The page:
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Holland will have to earn bones from 'pen

Holland will have to earn bones from 'pen

ANAHEIM -- Derek Holland is going to spend the final week of the first half in the Rangers' bullpen.

That will likely be the arrangement in the second half as well, unless the Rangers have another pressing need for a starting pitcher.

As Holland works his way through his first season in the Major Leagues, the Rangers seem torn, knowing that the rookie left-hander's future is as a starter but needing him more as a reliever right now.

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"We think Derek's ultimately going to be a starter for us, and a good one at that," Rangers general manager Jon Daniels said on Tuesday. "Right now, he may be best able to help the team in the bullpen, given the position we're in, where his stuff really plays up, especially from the left side.

"Depending how things shake out over the next few weeks, he's an option for both roles. A lot of that depends on the health of some other guys and his continued development."

Holland was scheduled to start on Thursday against the Mariners. But the Rangers' rotation was thrown out of whack by Vicente Padilla's strained right shoulder. The Rangers had to insert Dustin Nippert into the rotation for Tuesday night's game against the Angels, with Padilla getting pushed back to Wednesday.

Originally, the Rangers decided to push everybody back one day. That would have meant Holland pitching on Friday. Now the Rangers have decided to keep everybody else in line and use Holland out of the bullpen.

"Right now we need him out of the bullpen," Rangers manager Ron Washington said before Tuesday's game.

And after the All-Star break?

"Right now we're just talking about going down the stretch this week to the All-Star Game with him in the bullpen," Washington said. "Let's let Nippert get through tonight and see where we go from there."

The Rangers currently have four starters locked into the rotation: Kevin Millwood, Padilla, Scott Feldman and Tommy Hunter. They are without Matt Harrison and Brandon McCarthy, who are likely to be out until August or beyond. If Nippert can hold down a spot until Harrison returns, the Rangers can keep Holland in the bullpen.

"I still have to go out and pitch," Holland said. "No matter what I do, I've still got to pitch well and help the team win. That's what's on my mind."

Holland is 1-1 with a 6.06 ERA in nine relief appearances and 1-4 with a 6.23 ERA in seven starts. The concern -- as with many young Rangers pitchers over the past few years -- is that his secondary pitches are not quite Major League ready. He can get by with a fastball coming out of the bullpen, but he still needs to improve his curve, slider and changeup.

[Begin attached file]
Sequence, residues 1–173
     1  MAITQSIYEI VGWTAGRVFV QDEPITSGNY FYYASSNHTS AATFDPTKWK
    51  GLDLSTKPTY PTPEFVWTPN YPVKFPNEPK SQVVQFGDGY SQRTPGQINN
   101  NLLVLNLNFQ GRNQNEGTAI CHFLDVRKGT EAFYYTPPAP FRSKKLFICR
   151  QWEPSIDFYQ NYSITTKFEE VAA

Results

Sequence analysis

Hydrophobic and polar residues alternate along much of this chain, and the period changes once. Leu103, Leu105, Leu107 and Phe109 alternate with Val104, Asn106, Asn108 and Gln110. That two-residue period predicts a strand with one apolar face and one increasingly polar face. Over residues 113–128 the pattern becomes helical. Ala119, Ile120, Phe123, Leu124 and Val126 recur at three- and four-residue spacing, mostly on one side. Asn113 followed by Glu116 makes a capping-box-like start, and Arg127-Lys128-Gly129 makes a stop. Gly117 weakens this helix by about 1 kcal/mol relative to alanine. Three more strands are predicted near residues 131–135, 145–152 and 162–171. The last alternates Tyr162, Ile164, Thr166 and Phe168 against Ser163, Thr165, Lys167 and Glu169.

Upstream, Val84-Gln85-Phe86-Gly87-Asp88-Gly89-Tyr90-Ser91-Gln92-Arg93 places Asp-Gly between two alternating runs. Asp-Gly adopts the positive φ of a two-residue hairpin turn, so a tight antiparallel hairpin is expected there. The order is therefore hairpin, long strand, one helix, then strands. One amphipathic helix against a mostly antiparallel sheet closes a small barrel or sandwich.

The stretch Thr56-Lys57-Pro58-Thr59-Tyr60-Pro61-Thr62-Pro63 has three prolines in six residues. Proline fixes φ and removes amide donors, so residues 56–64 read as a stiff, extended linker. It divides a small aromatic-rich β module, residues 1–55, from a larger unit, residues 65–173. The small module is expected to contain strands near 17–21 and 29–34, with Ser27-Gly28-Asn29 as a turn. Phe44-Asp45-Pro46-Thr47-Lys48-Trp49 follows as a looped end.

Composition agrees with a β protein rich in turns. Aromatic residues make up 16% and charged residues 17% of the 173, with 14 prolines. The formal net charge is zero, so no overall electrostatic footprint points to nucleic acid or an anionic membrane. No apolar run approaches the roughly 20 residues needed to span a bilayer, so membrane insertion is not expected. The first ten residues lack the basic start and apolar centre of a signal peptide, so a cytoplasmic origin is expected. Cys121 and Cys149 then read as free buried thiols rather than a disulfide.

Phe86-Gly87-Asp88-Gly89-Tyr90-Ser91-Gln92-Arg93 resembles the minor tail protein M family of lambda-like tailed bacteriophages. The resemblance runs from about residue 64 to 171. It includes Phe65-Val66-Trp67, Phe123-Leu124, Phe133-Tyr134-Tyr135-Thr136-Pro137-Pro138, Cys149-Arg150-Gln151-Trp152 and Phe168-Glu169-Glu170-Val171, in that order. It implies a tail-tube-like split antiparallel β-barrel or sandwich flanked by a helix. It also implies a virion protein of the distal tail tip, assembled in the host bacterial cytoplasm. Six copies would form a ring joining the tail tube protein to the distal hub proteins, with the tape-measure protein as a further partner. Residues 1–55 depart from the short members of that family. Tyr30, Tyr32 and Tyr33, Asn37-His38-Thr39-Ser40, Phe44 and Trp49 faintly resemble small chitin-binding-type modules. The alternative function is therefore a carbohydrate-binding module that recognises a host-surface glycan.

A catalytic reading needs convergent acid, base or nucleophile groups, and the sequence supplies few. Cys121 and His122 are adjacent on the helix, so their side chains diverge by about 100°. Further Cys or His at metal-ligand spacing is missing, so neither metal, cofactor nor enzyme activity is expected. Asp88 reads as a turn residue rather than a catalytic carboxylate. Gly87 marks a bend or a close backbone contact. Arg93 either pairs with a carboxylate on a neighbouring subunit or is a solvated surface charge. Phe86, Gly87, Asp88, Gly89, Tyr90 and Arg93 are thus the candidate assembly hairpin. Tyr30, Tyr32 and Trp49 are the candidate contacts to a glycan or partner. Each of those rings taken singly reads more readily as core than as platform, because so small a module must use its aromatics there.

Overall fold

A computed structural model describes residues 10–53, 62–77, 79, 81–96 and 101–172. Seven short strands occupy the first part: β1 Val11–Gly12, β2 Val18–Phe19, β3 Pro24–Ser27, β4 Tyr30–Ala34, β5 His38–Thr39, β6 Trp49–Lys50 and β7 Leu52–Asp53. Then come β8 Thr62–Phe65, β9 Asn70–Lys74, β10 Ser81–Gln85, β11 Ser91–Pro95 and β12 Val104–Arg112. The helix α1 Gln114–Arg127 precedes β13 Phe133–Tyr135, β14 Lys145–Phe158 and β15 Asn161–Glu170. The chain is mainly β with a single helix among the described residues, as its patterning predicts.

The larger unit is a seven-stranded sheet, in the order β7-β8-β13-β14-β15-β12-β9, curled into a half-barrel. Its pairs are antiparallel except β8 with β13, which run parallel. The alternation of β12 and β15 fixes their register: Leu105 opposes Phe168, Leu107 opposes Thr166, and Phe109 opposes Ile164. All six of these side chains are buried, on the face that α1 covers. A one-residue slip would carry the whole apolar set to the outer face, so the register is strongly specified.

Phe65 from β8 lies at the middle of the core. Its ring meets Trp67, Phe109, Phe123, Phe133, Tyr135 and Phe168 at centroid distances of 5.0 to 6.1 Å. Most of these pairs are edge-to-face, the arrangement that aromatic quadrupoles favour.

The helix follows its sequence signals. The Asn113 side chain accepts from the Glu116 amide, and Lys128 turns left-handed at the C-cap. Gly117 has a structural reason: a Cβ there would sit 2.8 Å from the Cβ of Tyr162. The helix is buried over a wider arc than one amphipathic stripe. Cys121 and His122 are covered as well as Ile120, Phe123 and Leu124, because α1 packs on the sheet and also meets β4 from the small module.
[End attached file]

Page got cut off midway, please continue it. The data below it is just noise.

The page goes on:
"I'm still working on them," Holland said. "I knew from the beginning they weren't picture-perfect. I'm still trying to get them better. I have better control of my slider, my curveball is coming around, but my changeup ... I haven't been using that much."

The Rangers refer to Holland as a "work in progress," but there are no plans to send him to Triple-A Oklahoma City to work on his repertoire while starting every fifth day. He's staying with the Rangers.

"We know he can pitch effectively out of the bullpen," Washington said. "His upside is as a starter. He has an idea, but we just have to make sure he maintains that progress. It's definitely his secondary stuff that he has to work on. Most young pitchers, that's what they have to develop. They can't go through Major League hitters with just a fastball."

Holland was called up in April after making just one start for Oklahoma City. He spent most of 2008 in Class A before making four starts at Double-A Frisco at the end of the season. He has 221 2/3 innings of Minor League experience, but just 30 above Class A.

He has much to learn, and it appears he'll do much of it while working out of the bullpen.

"We knew we were challenging him by making the move in April," Daniels said. "He's had some games where the changeup is a real weapon, times when the slider and curveball are there -- and other games where they're not and teams are able to sit on one pitch. It's a process, and he's learning on the job."

T.R. Sullivan is a reporter for MLB.com. This story was not subject to the approval of Major League Baseball or its clubs.

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